The party atmosphere is exactly what’s hooking the hip hop community. Fat Joe’s “I Won’t Tell” video (with cameos by LL Cool J and Puff Daddy) sees the New York rapper in Miami living the high life, partying and name-dropping more luxury brand bling than one can stuff into a walk-in closet (Christian Louboutin, Hermès, Chopard earrings, Jacob & Co. watches).

Working high-end threads and a Louis V bag, he steps off off his private jet with a gorgeous long-haired honey into convertible Rolls Royce Phantom idling on the runway tarmac. “Fresh off the runway, pair white Nikes, Phantom top drop on that I-9-5,” Fat Joe raps.

Feeling his flow yet?

Under a tropical sun, the Phantom whisks Fat Joe off to party with his crew at this mansion, which doubles as a dope nightclub decorated with fresh modern art. Although, it’s hard to unsee Fat Joe in a white robe seducing a married woman from the mansion’s terrace, adjacent to the Great Room.

“Fat Joe used the Great Room as his master bedroom for the “I Won’t Tell” music video and Lil Wayne took advantage of the expansive view with a poolside music video setting,” says Fernandez.

What’s a hip-hop video without an entourage and a wild pool party? That’s typically when the fun begins.

Miami Hip Hop Mansion Pool

Currency (featuring Lil’ Wayne & Remy Ma) asks “Where Da Cash At”? Well, apparently it’s at 3560 Stewart Avenue, where they put the balconies and the pool to good use in between shots of cash, gold chains and bikini’d ladies. It’s a close call as to which is most important to the rappers. They ask where the cash is and immediately toss it away with impunity. Unequivocally, the balcony can hold at least 26 groupies and three rappers at a time—easy.

Dré’s “Chevy Ridin’ High” brings the courtyards and four-car garage into play with Seraphin XO Cognac, cars and you guessed it, bikini-clad women by the pool. But classic cars rev up this fast video, with rappers eventually spinning on Miami’s causeways.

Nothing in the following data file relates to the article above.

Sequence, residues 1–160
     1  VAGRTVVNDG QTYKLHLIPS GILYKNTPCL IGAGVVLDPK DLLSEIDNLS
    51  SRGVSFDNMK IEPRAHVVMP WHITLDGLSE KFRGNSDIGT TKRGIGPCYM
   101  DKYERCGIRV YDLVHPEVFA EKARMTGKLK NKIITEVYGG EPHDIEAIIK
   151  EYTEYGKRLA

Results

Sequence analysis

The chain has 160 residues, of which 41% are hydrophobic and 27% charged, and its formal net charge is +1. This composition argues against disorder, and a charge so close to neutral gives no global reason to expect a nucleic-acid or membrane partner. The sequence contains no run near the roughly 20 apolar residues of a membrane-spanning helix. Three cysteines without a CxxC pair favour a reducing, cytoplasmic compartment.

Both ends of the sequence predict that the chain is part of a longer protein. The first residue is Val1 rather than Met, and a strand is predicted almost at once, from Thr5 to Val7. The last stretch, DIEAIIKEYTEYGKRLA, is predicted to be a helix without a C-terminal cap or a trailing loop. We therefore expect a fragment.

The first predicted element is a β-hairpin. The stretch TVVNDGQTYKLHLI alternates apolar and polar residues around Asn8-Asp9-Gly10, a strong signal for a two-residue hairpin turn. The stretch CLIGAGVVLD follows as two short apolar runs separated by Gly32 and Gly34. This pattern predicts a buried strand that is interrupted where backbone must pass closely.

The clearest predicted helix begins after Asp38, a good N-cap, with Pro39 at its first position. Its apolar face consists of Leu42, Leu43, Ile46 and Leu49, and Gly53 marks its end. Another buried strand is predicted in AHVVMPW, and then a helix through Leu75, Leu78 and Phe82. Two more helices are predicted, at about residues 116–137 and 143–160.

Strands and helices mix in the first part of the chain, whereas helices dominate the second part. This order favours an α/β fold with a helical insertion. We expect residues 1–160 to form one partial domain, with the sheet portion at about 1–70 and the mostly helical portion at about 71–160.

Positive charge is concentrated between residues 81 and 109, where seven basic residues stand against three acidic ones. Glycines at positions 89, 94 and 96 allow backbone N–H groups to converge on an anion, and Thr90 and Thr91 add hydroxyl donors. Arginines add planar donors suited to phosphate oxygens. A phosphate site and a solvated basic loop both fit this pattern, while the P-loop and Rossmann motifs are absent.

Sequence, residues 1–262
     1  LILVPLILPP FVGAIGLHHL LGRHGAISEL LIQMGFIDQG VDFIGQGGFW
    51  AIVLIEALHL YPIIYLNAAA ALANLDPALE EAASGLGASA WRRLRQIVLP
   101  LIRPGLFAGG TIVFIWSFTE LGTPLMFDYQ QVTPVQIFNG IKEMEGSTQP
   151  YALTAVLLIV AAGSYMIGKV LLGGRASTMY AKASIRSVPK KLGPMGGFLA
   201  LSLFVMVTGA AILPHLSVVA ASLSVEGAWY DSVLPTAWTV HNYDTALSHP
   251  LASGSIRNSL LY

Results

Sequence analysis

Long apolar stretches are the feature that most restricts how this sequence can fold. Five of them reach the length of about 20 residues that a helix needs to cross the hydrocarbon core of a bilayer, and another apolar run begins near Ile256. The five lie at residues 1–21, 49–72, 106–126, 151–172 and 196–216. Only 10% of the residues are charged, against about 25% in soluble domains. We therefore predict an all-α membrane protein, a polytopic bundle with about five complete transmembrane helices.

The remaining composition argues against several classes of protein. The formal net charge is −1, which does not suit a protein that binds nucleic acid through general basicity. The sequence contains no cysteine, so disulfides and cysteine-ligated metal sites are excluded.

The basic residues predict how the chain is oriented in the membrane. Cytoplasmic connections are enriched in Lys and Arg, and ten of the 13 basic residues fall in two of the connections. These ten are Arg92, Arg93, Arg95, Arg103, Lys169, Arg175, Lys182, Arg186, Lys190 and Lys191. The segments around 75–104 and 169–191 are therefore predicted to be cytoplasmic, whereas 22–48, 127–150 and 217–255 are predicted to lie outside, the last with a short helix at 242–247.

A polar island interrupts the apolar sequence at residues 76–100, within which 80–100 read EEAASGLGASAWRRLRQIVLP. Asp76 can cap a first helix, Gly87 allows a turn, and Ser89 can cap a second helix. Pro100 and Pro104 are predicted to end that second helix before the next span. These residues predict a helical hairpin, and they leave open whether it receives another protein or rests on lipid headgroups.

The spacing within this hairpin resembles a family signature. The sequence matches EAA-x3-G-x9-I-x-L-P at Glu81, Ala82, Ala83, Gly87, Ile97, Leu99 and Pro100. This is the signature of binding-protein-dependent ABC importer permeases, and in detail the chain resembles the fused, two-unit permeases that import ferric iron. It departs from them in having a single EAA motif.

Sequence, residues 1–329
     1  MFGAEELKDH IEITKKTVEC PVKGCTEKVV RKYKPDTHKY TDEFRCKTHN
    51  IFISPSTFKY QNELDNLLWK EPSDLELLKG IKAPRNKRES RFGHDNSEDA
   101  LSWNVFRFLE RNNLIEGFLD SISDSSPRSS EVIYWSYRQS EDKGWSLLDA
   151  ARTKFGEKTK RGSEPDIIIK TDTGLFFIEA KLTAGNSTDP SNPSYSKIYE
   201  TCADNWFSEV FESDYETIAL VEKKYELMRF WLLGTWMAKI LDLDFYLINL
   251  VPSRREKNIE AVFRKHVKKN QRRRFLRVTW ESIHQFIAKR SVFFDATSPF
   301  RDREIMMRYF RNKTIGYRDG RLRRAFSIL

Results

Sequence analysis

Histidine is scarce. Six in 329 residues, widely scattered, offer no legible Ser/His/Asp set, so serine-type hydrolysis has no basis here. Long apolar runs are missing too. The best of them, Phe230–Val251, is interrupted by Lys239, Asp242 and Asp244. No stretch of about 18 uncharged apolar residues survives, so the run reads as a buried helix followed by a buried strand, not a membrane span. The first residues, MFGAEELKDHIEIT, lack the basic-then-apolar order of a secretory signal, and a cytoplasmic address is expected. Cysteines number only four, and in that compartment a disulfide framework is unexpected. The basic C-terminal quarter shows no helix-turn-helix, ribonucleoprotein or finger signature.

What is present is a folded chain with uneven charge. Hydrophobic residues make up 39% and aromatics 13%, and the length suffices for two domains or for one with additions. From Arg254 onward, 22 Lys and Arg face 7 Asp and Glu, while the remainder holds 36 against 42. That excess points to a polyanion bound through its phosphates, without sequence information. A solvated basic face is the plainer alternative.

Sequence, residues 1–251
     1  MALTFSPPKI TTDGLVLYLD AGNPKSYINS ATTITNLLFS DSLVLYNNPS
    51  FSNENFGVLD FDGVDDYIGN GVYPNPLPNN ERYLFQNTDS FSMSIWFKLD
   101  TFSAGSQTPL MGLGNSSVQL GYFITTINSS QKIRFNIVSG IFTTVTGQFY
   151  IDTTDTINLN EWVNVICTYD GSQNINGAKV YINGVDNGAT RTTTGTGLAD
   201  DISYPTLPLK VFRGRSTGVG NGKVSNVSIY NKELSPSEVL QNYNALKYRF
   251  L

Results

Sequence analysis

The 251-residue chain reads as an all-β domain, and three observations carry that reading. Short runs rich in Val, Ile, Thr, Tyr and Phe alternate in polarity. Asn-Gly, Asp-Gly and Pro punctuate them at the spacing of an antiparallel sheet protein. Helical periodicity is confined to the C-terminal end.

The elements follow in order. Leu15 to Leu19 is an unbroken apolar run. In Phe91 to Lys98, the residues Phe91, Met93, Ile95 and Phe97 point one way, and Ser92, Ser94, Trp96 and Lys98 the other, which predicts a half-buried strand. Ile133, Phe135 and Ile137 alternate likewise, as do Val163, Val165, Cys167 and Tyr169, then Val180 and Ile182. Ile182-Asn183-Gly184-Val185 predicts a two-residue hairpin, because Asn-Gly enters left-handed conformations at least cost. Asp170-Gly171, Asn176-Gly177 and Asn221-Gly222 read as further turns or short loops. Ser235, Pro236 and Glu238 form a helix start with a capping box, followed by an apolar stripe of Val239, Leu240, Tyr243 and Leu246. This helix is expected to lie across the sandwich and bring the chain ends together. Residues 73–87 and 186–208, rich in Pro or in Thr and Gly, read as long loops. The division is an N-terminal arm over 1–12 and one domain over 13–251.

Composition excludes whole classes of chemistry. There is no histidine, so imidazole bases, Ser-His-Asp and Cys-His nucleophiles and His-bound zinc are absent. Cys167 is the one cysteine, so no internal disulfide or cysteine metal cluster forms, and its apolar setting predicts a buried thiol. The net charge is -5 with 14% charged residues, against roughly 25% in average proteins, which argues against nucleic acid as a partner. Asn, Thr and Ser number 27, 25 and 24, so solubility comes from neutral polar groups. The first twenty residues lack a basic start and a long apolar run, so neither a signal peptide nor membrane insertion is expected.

Trina’s “Single Again,” flips this script, giving women a shoutout from this famous hip hop pool (after a failed wedding at the mansion)—as a shirtless parade of six-packed studs swim all around her. And yep, her bikini friends are there for moral support.

The bedrooms and kitchen don’t get much airtime in these videos. In hip hop, cooking isn’t exactly a G-thang. Several of the real-life bedrooms feature en-suite baths, private foyers, oversized closets, and their own private balconies with water views.

Miami Hip Hop Mansion Kitchen

The kitchen has a cooking island, granite counters, marble floors, mystifying brown cabinetry and matching slanted wood ceiling beams.

Miami Mansion Walk In Closet

Some floors are marble, some wood—again, likely inspired by other famous estates. Another room entirely of dark wood built-in cabinets confounds, posing asa study, library or a massive walk-in closet.

No word on its inspiration. But we can guess rappers won’t be hanging out there unless it’s after a shopping spree.

Popular Articles

The information contained on The Mortgage Reports website is for informational purposes only and is not an advertisement for products offered by Full Beaker. The views and opinions expressed herein are those of the author and do not reflect the policy or position of Full Beaker, its officers, parent, or affiliates.